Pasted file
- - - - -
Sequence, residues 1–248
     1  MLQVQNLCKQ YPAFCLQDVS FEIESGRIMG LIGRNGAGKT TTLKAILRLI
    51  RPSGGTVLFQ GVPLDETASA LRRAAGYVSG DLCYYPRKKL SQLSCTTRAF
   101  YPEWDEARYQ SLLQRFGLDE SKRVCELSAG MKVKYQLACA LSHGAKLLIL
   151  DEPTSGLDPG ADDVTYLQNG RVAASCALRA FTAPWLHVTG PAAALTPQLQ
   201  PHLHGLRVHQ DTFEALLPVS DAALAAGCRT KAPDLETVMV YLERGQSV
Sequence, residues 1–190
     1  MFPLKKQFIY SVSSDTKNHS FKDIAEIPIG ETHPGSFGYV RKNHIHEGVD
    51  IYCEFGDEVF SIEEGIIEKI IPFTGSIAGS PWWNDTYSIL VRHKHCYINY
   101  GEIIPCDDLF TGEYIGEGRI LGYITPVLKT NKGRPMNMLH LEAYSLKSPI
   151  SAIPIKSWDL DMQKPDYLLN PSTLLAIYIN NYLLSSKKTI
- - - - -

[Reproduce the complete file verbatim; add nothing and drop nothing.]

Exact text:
Sequence, residues 1–248
     1  MLQVQNLCKQ YPAFCLQDVS FEIESGRIMG LIGRNGAGKT TTLKAILRLI
    51  RPSGGTVLFQ GVPLDETASA LRRAAGYVSG DLCYYPRKKL SQLSCTTRAF
   101  YPEWDEARYQ SLLQRFGLDE SKRVCELSAG MKVKYQLACA LSHGAKLLIL
   151  DEPTSGLDPG ADDVTYLQNG RVAASCALRA FTAPWLHVTG PAAALTPQLQ
   201  PHLHGLRVHQ DTFEALLPVS DAALAAGCRT KAPDLETVMV YLERGQSV
Sequence, residues 1–190
     1  MFPLKKQFIY SVSSDTKNHS FKDIAEIPIG ETHPGSFGYV RKNHIHEGVD
    51  IYCEFGDEVF SIEEGIIEKI IPFTGSIAGS PWWNDTYSIL VRHKHCYINY
   101  GEIIPCDDLF TGEYIGEGRI LGYITPVLKT NKGRPMNMLH LEAYSLKSPI
   151  SAIPIKSWDL DMQKPDYLLN PSTLLAIYIN NYLLSSKKTI